Rick Nash’s Complications Drag On

Photo credit: Jamie Sabau/Getty Images

Photo credit: Jamie Sabau/Getty Images

In the summer of 2012, the New York Rangers acquired Rick Nash in a five-player deal with the Columbus Blue Jackets. At the time, Glen Sather thought it was a good trade and it would benefit his hockey club, and although it has in some regard, Nash has continued to struggle in the Stanley Cup Playoffs.

In only his third playoff appearance, Nash has just a measly two career playoff goals, one coming in 2009 with the Blue Jackets in a first round sweep, and the other coming last year against the Boston Bruins in the second round, in which the Rangers lost the series in five games.

Now, those stats aren’t quite parallel to his regular season numbers, which are actually pretty good. With the Blue Jackets, starting from the 2007-08 season, he had five straight 30 goal campaigns, while scoring 40 in one of those.

So, it’s not like the guy can’t score, he does it really well. He’s a big guy who shields the puck well and is very hard to defend against.

But, there is one recurring problem that spells doom for the Rangers. When the games get bigger, he gets smaller, and by that I mean he doesn’t have that clutch gene that every hockey organization looks for in a player with the skill set of Nash.

During the playoffs, Nash should be the Rangers’ main guy, the person that they look to for goals. But so far in the 2014 postseason, he is goalless as New York heads into their Eastern Conference Final appearance against the Montreal Canadiens.

Sometimes, goalless players get overshadowed by the depth of the team. The Rangers have depth, and it’s a good thing they have plenty of it, because that is the only thing that is keeping Nash from getting crucified right now. Brad Richards is currently carrying the slack with a team-leading nine points, followed by Martin St. Louis, Benoit Pouliot, and Mats Zuccarello, each with eight points.

Imagine if the Rangers were knocked out in the first round by the Philadelphia Flyers, which could have easily happened if not for the heroics of Henrik Lundqvist. The pressure would immediately be placed on Nash’s shoulders, because he’s the star on this squad.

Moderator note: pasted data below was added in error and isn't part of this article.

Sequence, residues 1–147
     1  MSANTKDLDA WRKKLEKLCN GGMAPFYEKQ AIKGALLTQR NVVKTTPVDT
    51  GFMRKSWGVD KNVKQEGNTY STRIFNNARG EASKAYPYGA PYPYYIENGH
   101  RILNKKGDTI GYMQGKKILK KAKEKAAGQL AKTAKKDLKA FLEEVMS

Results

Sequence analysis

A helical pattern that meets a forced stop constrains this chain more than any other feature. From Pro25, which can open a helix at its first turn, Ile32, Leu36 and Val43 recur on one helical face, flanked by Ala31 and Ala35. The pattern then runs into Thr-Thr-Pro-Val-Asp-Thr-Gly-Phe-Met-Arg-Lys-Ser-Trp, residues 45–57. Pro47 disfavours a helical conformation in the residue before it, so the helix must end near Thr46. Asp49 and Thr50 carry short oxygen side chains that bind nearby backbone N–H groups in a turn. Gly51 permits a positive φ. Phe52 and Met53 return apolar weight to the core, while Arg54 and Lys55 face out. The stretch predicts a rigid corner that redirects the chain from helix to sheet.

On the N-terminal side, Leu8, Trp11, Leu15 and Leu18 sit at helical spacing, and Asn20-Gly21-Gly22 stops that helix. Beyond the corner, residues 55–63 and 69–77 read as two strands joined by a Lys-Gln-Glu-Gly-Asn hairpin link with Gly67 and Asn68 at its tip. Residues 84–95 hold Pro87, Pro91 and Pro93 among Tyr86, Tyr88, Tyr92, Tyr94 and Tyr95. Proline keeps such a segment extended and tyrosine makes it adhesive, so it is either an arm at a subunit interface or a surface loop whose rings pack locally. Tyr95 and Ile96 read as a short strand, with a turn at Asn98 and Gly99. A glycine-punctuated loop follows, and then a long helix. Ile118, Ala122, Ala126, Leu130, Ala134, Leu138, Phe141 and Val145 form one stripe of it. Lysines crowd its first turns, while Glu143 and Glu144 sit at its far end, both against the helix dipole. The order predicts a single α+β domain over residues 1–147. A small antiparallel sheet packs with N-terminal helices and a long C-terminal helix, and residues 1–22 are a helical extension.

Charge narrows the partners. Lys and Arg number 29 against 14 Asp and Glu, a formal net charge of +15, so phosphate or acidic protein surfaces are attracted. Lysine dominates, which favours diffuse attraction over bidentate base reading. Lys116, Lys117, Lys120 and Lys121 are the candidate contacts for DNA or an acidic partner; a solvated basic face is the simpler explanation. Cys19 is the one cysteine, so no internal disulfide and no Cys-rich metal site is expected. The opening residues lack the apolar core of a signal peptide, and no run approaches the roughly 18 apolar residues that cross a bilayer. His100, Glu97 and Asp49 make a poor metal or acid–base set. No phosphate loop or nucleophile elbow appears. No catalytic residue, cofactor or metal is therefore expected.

The good thing however is that Nash has been getting his chances, but they aren’t GREAT chances. From what I’ve seen, most of his shots have been from the outside, and the opposing goaltender has seen almost every one of them. With that said, those type of chances are not going to bode well against a guy like Carey Price, who was lights out in the Olympics and single-handedly shutdown the Boston Bruins in the second round this year.

If I were Nash, I would be taking that puck to the net every opportunity I got. The guy’s 6-foot-4, he needs to be using that size to his advantage. Take the body once in a while, and force your way toward the net in any way possible. You have to make the netminder feel uncomfortable in his crease, and the only way that is going to happen is if you get in his grill every time there is an opening.

The Rangers can survive one more round without the help of Nash, but if they get to the Stanley Cup Final, the odds of them succeeding against a top-flight team like the Chicago Blackhawks, Anaheim Ducks, or Los Angeles Kings is pretty slim without his goal-scoring.

Nash’s pager has been ringing for a while now, and it’s time for him to answer the call.

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